Women who were prepared to acclimate to their new lives with menopause were more likely to experience positive emotional responses. Feelings of femininity and maturity were common among women who were educated about the symptoms versus women who weren’t. This showed a healthy and happy shift of their mental state going into menopause. Acceptance of menopause also offered feelings of healthiness and even relief.

Nearly 53 percent of women who were not informed about menopause were angry, while less than 18 percent of women who knew what to expect felt anger toward these changes. Feelings of anger can induce high levels of anxiety,putting a negative impact on our physical bodies and mental health. This means that, for our mental health’s sake, we ought to value the open discussion of menopause more.

Women who had yet to reach their 40s didn’t begin to think about menopause until many symptoms had already started. Younger women were less likely to think about menopause, as it hadn’t affected them yet. However, eventually, the time will come when thinking about it is almost too little too late to be prepared for symptoms that can come unseen.

The Most Visible Symptom: Hot Flashes

One of the symptoms that aren’t unseen, however, is the hot flash. In fact, it is the most apparent sign that a woman is reaching menopause. Hot flashes are unpredictable and can heavily impact the day-to-day life of a woman undergoing menopause-related changes.

A hot flash begins with an intense feeling rushing to the upper half of the body with sudden overheating, specifically to the face and chest. Lower levels of estrogen in the hypothalamus – the part of the brain that manages sleep, appetite, sex drive, and body temperature – can cause this reaction.

Hot flashes can seem intimidating. However, this interference might not be as dramatic from the other side.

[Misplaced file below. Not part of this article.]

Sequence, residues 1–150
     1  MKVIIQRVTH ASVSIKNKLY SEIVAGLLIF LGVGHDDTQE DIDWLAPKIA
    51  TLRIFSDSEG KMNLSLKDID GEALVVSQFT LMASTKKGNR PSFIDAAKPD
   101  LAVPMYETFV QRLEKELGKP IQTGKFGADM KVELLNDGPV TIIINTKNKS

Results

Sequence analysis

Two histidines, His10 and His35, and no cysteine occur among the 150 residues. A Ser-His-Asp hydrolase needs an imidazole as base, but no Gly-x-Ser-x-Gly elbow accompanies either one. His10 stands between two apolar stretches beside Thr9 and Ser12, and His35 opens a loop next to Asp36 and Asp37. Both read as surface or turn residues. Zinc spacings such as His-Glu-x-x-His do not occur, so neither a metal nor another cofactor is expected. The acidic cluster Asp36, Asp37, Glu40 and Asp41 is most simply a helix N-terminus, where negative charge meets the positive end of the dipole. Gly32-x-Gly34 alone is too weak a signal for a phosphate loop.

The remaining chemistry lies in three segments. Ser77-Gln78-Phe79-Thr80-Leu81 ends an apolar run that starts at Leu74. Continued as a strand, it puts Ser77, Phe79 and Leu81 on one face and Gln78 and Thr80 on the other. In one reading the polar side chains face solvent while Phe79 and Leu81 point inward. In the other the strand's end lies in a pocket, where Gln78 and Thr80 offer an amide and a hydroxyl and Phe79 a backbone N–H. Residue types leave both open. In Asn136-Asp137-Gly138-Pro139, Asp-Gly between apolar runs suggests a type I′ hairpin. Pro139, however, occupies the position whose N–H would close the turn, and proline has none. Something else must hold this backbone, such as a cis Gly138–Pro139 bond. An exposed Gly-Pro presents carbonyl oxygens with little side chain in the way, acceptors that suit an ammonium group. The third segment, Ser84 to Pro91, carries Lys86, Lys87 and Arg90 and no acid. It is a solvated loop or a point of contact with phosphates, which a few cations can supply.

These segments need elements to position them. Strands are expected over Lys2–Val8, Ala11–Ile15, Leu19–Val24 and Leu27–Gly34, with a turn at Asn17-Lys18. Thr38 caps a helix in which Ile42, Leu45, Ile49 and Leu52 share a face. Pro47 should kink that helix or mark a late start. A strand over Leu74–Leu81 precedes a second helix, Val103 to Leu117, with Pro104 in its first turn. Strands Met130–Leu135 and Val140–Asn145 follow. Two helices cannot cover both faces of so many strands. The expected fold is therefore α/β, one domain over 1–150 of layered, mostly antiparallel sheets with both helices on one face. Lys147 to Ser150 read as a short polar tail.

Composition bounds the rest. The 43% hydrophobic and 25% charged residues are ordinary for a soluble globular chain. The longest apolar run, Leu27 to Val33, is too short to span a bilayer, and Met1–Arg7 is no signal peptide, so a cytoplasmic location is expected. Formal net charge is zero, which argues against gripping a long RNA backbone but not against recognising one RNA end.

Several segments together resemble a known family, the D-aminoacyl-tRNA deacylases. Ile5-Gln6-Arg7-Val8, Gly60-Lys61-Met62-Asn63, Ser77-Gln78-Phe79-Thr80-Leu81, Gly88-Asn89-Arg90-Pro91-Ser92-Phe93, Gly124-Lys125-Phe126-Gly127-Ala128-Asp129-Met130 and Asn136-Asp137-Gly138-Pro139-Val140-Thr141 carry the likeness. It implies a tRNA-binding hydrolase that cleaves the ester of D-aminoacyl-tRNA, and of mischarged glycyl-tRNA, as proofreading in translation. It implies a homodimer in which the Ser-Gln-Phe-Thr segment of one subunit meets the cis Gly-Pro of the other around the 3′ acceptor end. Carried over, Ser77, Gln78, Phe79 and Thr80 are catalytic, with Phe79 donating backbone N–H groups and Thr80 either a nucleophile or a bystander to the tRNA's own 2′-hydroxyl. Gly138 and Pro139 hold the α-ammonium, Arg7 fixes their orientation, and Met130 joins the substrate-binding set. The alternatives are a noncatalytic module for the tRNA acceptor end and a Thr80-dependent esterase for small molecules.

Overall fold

While it seems overwhelming to think about, women who had dealt with hot flashes said they weren’t as life-altering as they thought they’d be. While most women admitted some effect on their day-to-day lives from hot flashes, they reported a low interference in their lives from these episodes. Women who had experienced a hot flash also admitted they weren’t as debilitating as women who hadn’t experienced them predicted these episodes to be.

The most affected part of a menopausal woman’s life is sleep disruption. Across the board in all categories, hot flashes had the highest interference in a woman’s sleep cycle. These issues regarding sleeping specifically during menopause can lead to other issues, such as obesity, heart disease, cancer, depression, diabetes, and more.

Someone experiencing a hot flash or night sweat for the first time can be terrified. There are many types of hot flashes, but they all have the same general steps: The body becomes weak and overheated, with feelings of dizziness, sweating, nausea, and headaches soon to follow. As we’ve seen regarding sleep, many women can experience hot flashes in the middle of the night.

Mood can also be heavily affected by hot flashes. Among women who have experienced menopause, about 23 percent have dealt with changes in their mood or dramatic shifts in their emotions.

The Symptoms of Menopause, Ranked by Intensity

The anticipation of symptoms is extremely important. Knowing what’s to come will better equip women and their partners for the future. However, it’s important not to allow that knowledge to consume you destructively. Often, what you expect is not nearly as bad as the results turn out to be.

Perception is not always reality. In most cases, women expected menopause to have a larger negative effect on their lives.

One thing the genders disagreed on was how they perceived the emotional response of menopause to affect women. Men rated mood changes and depression as extremely intense and noticeable, while women rated depression 26 percent less intense than they predicted it would be before menopause.